By Olivia Le Poidevin
Charities are warning that young cancer patients facing soaring living costs are in a “desperate” situation.
Both Macmillan Cancer Support and Young Lives vs Cancer say they’ve seen dramatic increases in the number of people asking for emergency grants.
Research suggests tens of thousands of 18 to 39-year-olds with cancer are struggling to pay basic living costs.
Shell Rowe was among those who told BBC Newsbeat they’re worried about becoming financially independent.
She was diagnosed with stage four non-Hodgkin’s lymphoma at age 20 in 2019, just as she was about to study film in California for her third year of university.
“I turned to the mirror and it was like a tennis ball in my throat,” she says.
“One minute you’re about to go on this adventure of a lifetime and then you’re sat in a hospital room – you’re bald, you’re looking really skinny and frail.”
More than half of the 18 to 39-year-olds with cancer surveyed by Macmillan and Virgin Money said they needed more financial support to manage the rising cost of living.
One in four young people are getting further into debt or have fallen behind paying rent and energy bills because of increased living costs, according to the survey of 2,000 people across all age groups.
That’s compared with 13% of people with cancer in their 40s and 50s, and 6% of those aged over 60.
The research found almost three quarters (74%) of younger people with cancer were worried about the cost of food over the next 12 months.
“Prices have skyrocketed. I haven’t been able to work and haven’t been able to save and get a job,” she says.
“How am I ever going to be able to be financially independent? It really scares me.”
Kamui Oshino, 20, is studying journalism at the University of the West of England in Bristol. They were diagnosed with stage four Hodgkin’s lymphoma in December 2021.
“When you go through chemo, a lot of people start off very underweight. I was 40kg so I had to buy new clothes,” Kamui says.
“And then being on steroids, I had to eat absolutely all the time. Obviously the price of food is going up. I couldn’t afford that.”
More than a tenth (11%) of those surveyed say they’ve had to delay or cancel medical appointments due to the rising cost of petrol.
Many people have to travel long distances for treatment, often in their own cars or a taxi because the risk of infection rules out taking public transport.
Tyler Hale, who was diagnosed with testicular cancer in November 2021, had to swap from driving his car to taking the bus, which takes an hour each way.
“I’ve had to pay a lot of travel costs to go from Weston-super-Mare to Bristol for treatment. With the costs of that going up, it’s ridiculous,” he says.
A third of young people surveyed also say their mental health has deteriorated with the financial worry.
‘Never been as bad as this’
People with cancer already face significant extra costs of nearly £900 when they get diagnosed, such as buying extra clothes, food or using more heating to stay warm, Macmillan’s data shows.
Now inflation has driven those costs up and the charity says they’ve seen a surge in demand for their means-tested financial grant to help cancer patients with costs, including energy bills.
“In July we saw a 292% increase in grant applications versus the same month last year. It is really worrying to see so many people worried about food,” says Chris Jones from Macmillan.
Macmillan is not the only charity seeing an increase in young cancer patients needing support.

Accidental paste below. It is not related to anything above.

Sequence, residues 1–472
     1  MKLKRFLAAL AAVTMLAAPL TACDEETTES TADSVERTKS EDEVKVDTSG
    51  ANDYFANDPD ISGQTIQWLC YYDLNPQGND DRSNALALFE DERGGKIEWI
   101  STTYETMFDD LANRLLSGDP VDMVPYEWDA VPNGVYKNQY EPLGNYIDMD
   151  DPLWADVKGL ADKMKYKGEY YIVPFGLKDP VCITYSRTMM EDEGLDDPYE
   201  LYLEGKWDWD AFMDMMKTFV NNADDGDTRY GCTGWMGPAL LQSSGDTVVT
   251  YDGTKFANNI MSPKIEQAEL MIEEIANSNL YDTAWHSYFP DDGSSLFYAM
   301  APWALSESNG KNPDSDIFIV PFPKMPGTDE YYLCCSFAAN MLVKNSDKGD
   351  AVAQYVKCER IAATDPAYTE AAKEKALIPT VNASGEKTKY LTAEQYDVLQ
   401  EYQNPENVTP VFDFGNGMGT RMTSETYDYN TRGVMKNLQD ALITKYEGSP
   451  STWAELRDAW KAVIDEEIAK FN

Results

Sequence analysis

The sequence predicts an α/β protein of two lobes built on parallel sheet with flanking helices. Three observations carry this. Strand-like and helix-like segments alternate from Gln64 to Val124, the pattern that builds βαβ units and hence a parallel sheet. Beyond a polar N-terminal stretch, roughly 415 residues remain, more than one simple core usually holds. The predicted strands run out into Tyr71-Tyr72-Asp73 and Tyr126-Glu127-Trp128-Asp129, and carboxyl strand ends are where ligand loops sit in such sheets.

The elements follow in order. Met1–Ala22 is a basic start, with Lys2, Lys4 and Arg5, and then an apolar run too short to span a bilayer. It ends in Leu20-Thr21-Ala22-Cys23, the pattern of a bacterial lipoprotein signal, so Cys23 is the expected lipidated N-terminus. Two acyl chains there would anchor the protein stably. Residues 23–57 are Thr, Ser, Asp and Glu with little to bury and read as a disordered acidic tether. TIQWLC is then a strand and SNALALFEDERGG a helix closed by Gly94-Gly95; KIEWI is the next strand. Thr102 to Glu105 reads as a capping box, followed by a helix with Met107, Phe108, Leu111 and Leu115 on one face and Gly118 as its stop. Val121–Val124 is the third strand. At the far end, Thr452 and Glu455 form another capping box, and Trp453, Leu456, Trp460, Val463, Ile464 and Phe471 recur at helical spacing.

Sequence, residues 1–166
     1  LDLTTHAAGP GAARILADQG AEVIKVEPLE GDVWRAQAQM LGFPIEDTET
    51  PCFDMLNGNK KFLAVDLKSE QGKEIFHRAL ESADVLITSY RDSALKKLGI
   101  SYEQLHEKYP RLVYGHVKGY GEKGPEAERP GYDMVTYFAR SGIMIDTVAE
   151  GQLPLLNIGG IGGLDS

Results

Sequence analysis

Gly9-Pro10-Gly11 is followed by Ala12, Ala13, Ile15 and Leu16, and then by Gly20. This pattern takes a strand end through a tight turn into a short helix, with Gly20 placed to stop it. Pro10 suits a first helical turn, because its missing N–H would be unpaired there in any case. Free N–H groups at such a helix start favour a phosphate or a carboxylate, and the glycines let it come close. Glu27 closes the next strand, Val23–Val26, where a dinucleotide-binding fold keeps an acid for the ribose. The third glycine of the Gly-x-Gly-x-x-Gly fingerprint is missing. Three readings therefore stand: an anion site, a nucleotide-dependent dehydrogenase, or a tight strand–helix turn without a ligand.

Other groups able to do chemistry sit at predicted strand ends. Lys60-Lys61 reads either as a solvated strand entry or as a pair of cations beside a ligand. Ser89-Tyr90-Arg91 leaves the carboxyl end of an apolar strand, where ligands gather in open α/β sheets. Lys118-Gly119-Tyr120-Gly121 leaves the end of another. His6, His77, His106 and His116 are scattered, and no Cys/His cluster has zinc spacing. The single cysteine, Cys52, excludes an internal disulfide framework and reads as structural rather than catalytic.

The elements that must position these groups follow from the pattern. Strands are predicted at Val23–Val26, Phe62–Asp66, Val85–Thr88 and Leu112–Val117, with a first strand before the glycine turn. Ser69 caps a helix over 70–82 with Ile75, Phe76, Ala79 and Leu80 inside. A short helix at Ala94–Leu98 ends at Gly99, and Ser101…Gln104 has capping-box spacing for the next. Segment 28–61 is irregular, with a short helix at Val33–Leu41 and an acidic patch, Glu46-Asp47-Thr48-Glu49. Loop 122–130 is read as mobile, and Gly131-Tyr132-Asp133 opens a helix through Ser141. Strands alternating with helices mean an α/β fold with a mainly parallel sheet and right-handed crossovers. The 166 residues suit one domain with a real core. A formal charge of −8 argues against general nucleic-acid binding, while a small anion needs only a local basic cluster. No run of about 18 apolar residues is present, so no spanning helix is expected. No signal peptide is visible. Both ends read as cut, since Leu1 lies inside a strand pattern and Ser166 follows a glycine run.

“It’s never been as bad as this. Young people with cancer are in really desperate circumstances, because of the cost-of-living crisis,” says Rachel Kirby, chief executive of Young Lives vs Cancer.
The UK charity supports cancer patients under 24 and has given 1,319 people up to £372,825 in financial help since launching its Winter Emergency Grant in 2021 to help with rising costs.
“No young cancer patient should have to think about the choice of putting fuel in the car to get to treatment, or whether they can heat their homes. But those are the kinds of situations they’re facing,” Rachel says.
Macmillan and Young Lives vs Cancer are calling on the government to give more financial help to cancer patients.
“We are calling for the government to really step up and support families with the cost of cancer. Because this situation is only going to get worse as we move into a cost of living crisis over the next six months,” Rachel says.
“There’s an average of a 20-week wait to claim a disability allowance that could help young people with travel and heating costs. We are asking the government to take urgent steps to reduce the delays,” Chris adds.
The Department of Health and Social Care said Prime Minister Liz Truss had announced new measures to help people with energy bills, such as the recent energy price guarantee and £400 discount for all households.
A spokesperson added: “We are streamlining cancer diagnostic services to get people diagnosed faster, backed by £325m.
“The NHS continued to prioritise cancer treatment throughout the Covid pandemic. Overall cancer treatment was maintained at 100% of pre-pandemic levels, and 94% of people starting treatment have done so within a month.”
Have you been affected by the issues raised in this story? Share your experiences by emailing firstname.lastname@example.org.
Please include a contact number if you are willing to speak to a BBC journalist. You can also get in touch in the following ways:
If you are reading this page and can’t see the form you will need to visit the mobile version of the BBC website to submit your question or comment or you can email us at HaveYourSay@bbc.co.uk. Please include your name, age and location with any submission.
Related Internet Links
The BBC is not responsible for the content of external sites.